When communicating about your carbon footprint, or citing other figures, bear in mind who your audience is - 31kg CO2e means nothing to most people. We love this communication from Westin where guests can really appreciate the difference they and the hotel are making. It also shows you have done your homework and know what you are talking about.
Make it visual or relate facts and figures to something tangible, e.g. the equivalent number of trees planted, the number of cars taken off the road, 5 Olympic-sized swimming pools, etc.
And always remember that if you want to be credible, no numbers without stories, no stories without numbers…
Social initiatives are often of great interest to guests. Where possible try to relate these to your business. How do you look after your staff and suppliers? How could you better support the local community? It feels good to be part of something that does good and gives back. Charitable support is an easy way for willing guests to get involved or relate to what you are doing, so don’t miss the opportunity to let them know about your staff volunteering and fundraising.
You need to place your messages where the people you are wanting to engage are most likely to read them. You also need to think about which communication platform is best suited to each message and how best to present that message. When will guests realistically have time to read lots of info, when would an image be more powerful and where are infographics most hard hitting?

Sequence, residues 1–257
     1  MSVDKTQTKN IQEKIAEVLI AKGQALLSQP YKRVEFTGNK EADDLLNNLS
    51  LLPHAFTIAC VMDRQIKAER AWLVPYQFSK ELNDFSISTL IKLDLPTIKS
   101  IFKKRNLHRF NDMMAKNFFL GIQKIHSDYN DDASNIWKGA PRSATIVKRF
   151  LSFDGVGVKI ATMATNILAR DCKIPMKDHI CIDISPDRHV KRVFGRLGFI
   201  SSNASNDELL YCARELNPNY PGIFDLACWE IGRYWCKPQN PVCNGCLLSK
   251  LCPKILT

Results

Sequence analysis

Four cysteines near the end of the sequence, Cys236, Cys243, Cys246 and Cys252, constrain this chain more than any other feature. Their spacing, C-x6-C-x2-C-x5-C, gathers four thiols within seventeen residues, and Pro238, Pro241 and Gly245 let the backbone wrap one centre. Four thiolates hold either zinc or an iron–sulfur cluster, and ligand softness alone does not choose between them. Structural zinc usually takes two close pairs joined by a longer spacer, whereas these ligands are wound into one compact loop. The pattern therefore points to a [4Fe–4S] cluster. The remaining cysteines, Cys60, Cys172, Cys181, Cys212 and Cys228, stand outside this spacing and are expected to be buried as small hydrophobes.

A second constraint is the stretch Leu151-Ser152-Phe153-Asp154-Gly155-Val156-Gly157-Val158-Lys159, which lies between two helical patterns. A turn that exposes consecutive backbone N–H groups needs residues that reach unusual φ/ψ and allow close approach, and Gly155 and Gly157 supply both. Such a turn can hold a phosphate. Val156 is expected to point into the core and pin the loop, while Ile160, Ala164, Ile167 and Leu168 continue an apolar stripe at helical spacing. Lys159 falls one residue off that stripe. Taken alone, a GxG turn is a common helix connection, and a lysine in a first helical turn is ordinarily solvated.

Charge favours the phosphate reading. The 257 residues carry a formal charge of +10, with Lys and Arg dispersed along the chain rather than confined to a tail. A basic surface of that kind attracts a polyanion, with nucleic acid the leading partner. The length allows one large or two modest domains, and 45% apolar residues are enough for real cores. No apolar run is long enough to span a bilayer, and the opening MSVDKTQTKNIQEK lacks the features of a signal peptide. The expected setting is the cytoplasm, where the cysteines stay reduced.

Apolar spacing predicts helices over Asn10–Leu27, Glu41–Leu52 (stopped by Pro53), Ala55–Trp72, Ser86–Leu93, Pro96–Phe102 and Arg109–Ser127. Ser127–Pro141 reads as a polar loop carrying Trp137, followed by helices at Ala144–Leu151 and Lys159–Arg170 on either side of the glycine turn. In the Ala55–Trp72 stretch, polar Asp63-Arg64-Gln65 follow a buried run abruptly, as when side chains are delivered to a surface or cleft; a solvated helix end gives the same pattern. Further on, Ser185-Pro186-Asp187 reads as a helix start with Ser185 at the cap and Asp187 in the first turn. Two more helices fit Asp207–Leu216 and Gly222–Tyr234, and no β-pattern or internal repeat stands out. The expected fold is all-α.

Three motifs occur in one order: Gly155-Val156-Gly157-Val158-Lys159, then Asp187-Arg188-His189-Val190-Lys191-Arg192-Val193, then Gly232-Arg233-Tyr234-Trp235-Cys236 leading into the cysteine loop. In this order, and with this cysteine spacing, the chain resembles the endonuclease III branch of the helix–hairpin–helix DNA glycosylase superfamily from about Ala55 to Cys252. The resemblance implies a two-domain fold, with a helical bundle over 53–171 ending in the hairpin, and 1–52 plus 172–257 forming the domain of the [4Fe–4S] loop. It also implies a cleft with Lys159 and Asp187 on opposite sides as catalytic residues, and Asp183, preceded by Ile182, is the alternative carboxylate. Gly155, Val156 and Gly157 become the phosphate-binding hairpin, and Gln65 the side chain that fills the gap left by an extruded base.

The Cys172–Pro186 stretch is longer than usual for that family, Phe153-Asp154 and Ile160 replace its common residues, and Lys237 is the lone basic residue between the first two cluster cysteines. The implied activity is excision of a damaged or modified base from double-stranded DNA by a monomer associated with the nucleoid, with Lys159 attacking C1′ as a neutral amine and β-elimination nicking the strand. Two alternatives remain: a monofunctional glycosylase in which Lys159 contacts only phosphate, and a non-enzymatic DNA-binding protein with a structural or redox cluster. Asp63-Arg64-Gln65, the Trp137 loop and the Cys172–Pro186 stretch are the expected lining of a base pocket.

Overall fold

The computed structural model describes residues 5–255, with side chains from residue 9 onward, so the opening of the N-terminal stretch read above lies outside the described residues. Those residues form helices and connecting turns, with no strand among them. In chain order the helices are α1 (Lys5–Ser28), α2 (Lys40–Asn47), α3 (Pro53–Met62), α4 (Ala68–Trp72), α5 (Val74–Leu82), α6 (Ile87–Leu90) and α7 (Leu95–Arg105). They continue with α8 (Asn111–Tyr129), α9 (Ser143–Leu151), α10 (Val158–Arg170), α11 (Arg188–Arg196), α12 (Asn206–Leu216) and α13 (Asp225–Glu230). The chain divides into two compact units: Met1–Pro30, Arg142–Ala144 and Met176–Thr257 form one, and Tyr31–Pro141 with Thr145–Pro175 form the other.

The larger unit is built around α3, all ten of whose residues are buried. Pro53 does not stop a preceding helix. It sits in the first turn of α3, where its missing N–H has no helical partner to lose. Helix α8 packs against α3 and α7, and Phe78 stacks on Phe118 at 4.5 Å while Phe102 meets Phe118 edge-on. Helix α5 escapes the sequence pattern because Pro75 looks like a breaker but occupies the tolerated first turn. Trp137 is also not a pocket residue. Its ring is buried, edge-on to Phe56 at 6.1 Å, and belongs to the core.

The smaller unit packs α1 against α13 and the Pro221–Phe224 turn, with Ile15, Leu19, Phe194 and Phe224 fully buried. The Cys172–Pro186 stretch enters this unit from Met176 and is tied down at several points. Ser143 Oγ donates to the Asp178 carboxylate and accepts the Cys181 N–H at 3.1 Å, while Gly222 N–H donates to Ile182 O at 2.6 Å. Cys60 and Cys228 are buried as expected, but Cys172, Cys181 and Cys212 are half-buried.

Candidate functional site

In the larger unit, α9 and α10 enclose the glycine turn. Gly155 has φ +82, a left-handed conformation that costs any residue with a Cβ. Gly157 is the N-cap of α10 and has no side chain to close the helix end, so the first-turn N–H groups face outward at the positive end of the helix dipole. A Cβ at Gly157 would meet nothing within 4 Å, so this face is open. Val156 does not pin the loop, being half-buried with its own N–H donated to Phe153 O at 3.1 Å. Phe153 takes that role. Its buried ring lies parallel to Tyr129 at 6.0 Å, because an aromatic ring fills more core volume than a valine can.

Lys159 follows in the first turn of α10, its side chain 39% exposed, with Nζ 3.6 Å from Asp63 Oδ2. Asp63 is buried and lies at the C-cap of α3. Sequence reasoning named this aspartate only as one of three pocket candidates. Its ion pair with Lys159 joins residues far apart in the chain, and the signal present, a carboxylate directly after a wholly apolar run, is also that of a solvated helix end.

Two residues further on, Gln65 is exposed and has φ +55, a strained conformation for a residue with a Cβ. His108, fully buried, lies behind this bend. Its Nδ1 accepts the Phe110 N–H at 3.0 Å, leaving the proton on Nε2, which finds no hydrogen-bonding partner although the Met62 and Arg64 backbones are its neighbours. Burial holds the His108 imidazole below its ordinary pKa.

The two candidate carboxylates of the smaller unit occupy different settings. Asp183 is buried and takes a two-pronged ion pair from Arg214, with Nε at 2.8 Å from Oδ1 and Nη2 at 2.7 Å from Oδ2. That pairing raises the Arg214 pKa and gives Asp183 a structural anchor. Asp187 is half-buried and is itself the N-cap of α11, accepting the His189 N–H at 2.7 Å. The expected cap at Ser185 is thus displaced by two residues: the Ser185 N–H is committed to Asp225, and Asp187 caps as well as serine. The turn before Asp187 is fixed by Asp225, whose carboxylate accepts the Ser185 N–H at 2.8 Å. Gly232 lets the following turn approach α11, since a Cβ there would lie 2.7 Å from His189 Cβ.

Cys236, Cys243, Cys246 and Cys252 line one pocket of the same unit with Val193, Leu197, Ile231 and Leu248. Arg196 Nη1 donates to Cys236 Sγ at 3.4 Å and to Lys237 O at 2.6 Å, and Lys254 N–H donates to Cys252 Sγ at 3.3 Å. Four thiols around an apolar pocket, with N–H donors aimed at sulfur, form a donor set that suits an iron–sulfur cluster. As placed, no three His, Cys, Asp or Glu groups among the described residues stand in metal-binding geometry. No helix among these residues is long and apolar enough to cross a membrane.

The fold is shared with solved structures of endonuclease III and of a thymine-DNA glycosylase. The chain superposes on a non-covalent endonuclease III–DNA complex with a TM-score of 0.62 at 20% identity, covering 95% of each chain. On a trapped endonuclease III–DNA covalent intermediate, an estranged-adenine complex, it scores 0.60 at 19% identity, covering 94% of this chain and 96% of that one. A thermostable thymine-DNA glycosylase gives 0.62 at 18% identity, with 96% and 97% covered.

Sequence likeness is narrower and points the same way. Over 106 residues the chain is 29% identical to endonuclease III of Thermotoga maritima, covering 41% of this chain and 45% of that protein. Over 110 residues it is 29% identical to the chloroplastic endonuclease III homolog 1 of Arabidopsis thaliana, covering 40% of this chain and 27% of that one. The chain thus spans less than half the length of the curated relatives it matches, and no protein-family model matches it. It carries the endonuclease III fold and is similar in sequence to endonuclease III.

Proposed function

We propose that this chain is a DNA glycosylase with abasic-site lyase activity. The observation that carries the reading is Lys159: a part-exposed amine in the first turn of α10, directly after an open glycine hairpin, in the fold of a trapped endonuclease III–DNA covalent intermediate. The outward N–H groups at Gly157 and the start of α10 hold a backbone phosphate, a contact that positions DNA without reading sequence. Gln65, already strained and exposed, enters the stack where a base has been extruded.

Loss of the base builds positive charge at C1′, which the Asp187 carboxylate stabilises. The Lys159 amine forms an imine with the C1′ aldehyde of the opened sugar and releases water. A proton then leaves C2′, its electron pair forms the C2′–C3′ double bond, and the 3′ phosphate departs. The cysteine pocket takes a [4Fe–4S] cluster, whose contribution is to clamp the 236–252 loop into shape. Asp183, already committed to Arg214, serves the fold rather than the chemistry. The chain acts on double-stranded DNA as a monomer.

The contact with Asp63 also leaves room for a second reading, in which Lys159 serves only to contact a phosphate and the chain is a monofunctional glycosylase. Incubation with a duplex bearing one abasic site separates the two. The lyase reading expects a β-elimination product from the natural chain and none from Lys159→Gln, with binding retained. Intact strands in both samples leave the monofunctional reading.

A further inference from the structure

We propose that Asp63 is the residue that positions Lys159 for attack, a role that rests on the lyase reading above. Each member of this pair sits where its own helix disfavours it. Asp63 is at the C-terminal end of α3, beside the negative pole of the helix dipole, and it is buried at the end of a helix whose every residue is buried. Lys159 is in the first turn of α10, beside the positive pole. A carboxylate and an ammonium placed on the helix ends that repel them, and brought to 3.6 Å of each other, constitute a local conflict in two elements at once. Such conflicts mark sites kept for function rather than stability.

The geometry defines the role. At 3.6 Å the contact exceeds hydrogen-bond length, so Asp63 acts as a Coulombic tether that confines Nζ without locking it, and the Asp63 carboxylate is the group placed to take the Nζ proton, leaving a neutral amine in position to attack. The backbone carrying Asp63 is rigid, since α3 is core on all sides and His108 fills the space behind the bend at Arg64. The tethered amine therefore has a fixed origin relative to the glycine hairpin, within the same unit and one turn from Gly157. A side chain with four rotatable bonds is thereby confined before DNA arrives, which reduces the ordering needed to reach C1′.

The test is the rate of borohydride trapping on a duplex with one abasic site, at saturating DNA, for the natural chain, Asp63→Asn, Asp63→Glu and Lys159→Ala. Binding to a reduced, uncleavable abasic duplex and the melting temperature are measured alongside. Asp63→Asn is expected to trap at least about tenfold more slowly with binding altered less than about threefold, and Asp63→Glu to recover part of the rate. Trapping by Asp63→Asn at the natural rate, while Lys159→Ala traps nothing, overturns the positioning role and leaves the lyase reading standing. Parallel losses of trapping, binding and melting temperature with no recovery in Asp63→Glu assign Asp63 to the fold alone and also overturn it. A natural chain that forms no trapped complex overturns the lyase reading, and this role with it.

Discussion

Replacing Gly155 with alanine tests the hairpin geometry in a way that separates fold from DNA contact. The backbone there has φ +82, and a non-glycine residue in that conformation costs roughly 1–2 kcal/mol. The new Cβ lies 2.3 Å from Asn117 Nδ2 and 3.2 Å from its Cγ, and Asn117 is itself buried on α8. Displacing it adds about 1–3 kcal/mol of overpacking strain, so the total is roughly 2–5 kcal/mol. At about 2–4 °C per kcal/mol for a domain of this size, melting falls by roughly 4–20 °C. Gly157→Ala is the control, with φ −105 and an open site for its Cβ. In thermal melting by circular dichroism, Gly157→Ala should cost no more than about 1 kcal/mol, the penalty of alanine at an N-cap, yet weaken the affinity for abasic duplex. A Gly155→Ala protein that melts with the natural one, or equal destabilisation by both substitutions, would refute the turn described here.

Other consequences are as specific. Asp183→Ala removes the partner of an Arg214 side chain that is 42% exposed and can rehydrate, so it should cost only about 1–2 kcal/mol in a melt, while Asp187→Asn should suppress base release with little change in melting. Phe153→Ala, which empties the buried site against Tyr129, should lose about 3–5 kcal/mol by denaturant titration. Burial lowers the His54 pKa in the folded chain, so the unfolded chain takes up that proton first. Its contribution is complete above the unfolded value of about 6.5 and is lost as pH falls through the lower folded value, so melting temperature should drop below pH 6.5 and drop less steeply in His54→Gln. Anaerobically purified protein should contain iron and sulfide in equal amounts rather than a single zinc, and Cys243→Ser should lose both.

Corporate customers will most likely request the information directly, but it may be worth writing directly to your regular and potential customers to tell them about your activities. It may give you the edge over other properties in the area. Before writing, look at the issues corporates are prioritising. If a company has a focus on water reduction or the living wage, for example, it is good to be able to state how you may be able to help them achieve these objectives.
With guests in general, there are many opportunities. Here are some options to consider;